In 1985, Beech acquired Scaled, and Rutan became a Beech vice president — a rather unexpected turn of events for a dyed-in-the-wool iconoclast and outsider. Rutan turned Scaled’s attention to a new prototype for Beech. Its official name was “Triumph,” but in the Mojave shop it was called “Tuna,” because the initials of the original project description, “Cabin Twin,” were shared by a local disc jockey, Charlie Tuna. Tuna was an 8,500-pound, six- to eight-seat jet of three-surface configuration. Its two FJ44s were mounted, in order to provide structural commonality with projected piston and turboprop versions, directly atop the wings.
Beech eventually canceled the entire Cabin Twin project, sold Scaled back to Rutan in 1988, and went on to make the venerable King Air the most successful turboprop ever. Thereafter, ownership of Scaled took several twists and turns; today it is controlled by Northrop Grumman. While deep-pocketed Beech owned Scaled, however, the Rutan Aircraft Factory ceased selling plans because of concern about possible liability claims arising from the inevitable mishaps of amateur builders. RAF continued to provide support to builders for many years, only recently subsiding into wraithlike insubstantiality.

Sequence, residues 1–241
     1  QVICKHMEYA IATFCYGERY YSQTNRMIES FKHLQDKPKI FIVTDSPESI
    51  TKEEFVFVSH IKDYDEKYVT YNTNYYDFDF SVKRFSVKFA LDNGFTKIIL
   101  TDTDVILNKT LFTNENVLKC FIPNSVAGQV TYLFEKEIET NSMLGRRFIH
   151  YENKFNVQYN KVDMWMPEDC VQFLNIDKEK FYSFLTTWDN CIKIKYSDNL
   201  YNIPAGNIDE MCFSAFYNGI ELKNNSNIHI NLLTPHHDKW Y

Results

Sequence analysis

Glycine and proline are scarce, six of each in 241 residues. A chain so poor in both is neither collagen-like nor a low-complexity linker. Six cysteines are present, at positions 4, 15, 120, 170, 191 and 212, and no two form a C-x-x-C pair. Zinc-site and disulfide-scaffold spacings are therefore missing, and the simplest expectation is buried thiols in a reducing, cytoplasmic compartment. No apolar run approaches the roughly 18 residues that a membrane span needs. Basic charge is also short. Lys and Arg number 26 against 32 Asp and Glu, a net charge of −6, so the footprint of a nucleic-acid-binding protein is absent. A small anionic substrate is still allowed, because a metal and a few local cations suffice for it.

Neither space nor human endurance permits a full enumeration of projects that Scaled undertook and Rutan, to one degree or another, guided. He left no form of transportation untouched, and in his spare time designed his own energy-efficient semisubterranean house. A couple of the more interesting early airplanes were the tandem-wing “Special Mission Utility Transport” (or “SMUT”), aerodynamically similar to the Grizzly, which was designed for DARPA, but never used, for hostage rescues in Middle Eastern deserts; and the Pond Racer, intended to replace the steadily eroding supply of World War II fighters that race at Reno.